Hardwick Youth Center becomes a beacon for young people

HARDWICK – The Hardwick Youth Center serves as a resource for young people, ages birth to 18, from Hardwick and the surrounding villages. Its intention is to be a safe place where young people can go be themselves and meet other children, fostering friendships between them.

“What makes the center unique is that we are a city-funded, donation-funded center,” said director Laurie Desjardins. “We work in partnership with other organizations such as East Quabbin Land Trust Youth Educator, Eagle Hill School, Workshop 13 and Stone Church. We take ideas from our children about what they would like to do throughout the year.

City Administrator Nicole Parker responded, “The Youth Center is an incredible asset to the city because I believe youth are our future. Here they are engaged and supported through activities and stewardship. They embrace all seasons and learn that being active is fun and that a healthy lifestyle is essential for a well-rounded being.

She went on to say, “The center offers games, activities and art for them to express themselves creatively. Almost weekly, they take trips to parks or destinations to fuel their bodies and minds. I encourage all families to take full advantage of this wonderful resource that Hardwick offers its residents.

The youth center was established in the 1980s by a group of townspeople – Eric Volheim, Lucinda Childs, Barbara and Ron Newton, Rod and Linda Leehy. Later, Elizabeth and Jerry Reilly joined the band. The youth center was originally started for teenagers to give them a place to go in a rural area. Since its inception it has evolved and there are no other surrounding towns that have a youth center paid for by the taxpayers of Hardwick and the surrounding villages.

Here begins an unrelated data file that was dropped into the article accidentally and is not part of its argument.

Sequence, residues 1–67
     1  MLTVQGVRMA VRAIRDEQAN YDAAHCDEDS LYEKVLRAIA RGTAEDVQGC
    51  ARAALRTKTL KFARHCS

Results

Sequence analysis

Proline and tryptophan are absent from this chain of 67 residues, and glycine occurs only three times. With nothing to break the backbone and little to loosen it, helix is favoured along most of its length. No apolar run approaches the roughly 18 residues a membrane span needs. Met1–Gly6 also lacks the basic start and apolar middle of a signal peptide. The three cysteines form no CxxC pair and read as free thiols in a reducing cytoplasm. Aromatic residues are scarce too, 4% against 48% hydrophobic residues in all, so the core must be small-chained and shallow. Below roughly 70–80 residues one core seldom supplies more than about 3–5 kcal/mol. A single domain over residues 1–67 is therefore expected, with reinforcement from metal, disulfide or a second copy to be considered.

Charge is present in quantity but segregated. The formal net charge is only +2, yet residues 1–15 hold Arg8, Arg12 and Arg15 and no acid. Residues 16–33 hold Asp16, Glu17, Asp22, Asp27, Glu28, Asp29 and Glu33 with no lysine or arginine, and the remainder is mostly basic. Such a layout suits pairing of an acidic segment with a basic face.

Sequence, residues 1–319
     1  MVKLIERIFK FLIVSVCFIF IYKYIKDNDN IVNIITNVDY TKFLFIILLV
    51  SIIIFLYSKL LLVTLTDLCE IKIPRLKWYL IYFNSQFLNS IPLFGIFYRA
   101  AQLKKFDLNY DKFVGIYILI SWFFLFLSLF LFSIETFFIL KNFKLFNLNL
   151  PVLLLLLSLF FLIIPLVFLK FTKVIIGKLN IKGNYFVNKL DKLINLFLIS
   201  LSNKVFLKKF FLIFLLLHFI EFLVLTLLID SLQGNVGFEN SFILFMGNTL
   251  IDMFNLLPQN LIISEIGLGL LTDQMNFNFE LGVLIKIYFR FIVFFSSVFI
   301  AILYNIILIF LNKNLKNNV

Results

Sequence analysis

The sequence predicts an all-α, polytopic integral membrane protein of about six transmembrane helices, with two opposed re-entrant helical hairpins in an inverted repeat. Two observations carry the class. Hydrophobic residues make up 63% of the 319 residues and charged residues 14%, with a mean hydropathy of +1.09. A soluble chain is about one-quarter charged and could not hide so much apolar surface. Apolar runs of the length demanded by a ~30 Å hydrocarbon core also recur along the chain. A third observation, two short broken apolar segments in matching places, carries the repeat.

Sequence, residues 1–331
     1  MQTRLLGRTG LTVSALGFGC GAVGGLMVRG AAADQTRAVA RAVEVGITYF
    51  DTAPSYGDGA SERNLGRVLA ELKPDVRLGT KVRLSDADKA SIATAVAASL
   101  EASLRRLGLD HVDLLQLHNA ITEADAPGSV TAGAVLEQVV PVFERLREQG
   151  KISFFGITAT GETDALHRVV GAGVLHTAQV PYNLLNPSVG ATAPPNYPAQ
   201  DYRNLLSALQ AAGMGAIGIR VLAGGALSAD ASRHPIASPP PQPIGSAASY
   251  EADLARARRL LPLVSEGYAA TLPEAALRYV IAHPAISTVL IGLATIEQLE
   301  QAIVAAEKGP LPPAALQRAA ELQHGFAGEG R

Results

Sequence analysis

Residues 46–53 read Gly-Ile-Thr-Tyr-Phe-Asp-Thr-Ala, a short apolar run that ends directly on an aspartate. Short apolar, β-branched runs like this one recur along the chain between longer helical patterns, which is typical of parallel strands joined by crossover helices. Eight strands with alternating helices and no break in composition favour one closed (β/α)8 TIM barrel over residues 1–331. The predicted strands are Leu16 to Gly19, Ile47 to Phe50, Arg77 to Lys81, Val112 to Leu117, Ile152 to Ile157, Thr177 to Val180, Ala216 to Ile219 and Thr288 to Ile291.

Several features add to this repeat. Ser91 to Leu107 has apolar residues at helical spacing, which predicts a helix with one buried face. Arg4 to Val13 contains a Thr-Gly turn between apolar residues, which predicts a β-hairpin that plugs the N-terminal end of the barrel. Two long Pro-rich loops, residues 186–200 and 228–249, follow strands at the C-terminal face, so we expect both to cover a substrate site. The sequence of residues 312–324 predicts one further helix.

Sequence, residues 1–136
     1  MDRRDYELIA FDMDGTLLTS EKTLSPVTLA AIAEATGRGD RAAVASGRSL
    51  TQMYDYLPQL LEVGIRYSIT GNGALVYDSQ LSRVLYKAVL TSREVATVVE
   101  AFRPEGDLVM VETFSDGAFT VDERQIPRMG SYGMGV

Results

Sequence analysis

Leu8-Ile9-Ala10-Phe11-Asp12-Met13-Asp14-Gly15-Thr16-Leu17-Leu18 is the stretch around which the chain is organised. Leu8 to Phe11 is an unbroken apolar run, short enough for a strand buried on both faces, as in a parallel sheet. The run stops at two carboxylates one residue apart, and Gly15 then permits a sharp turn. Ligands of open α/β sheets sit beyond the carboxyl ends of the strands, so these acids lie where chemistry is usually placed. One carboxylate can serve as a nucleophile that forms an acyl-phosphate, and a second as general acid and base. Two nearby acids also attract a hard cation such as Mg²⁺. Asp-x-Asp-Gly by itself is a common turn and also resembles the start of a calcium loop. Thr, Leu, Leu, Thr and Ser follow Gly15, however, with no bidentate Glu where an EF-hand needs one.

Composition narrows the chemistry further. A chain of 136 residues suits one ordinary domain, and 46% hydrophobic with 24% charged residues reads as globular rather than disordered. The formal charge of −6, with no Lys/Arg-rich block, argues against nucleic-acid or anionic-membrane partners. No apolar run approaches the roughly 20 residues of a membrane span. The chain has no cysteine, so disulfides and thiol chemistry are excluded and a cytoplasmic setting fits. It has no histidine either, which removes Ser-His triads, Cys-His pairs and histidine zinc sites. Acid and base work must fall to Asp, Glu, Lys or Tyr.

The center receives about 90 children of all age groups. They do a lot of activities with them like air hockey, foosball, hikes, walks and sports at Gilbertville Memorial Park. The center recently brought back community dinners where they teach children how to cook and use fresh vegetables and herbs.

Due to COVID-19, they had to limit the number of children they could have. The center also had to plan most of its activities outdoors. During this winter they have moved indoors and integrated the youth dinners they organize at the stone church. The center is currently open and accepts students from grades 6 to 12 at this time. The Friday group with Paula is also open from 10am to 11am on Fridays.

“Our hope is to get our numbers back up,” Desjardins said. “We would like to have more volunteers so that we can bring all age groups back. If anyone has a talent or interest that they would like to share with our teenagers, we would love to have you come along.

She continued, “Our future goal is to open a summer camp for young people. The most rewarding part of my job is watching children grow; connect with them, listen to them and observe the connections they have with their peers.

Any child who wishes to register can come to the Youth Center and complete a basic form. The Hardwick Youth Center is located on the second floor of the Hardwick Municipal Building. The hours are Wednesday from 3:30 p.m. to 5:30 p.m. and Thursday from 3:30 p.m. to 5:30 p.m. and from 5 p.m. to 7 p.m.

Email hardwickyouthcenter1@gmail.com or check out their Facebook page for more information.

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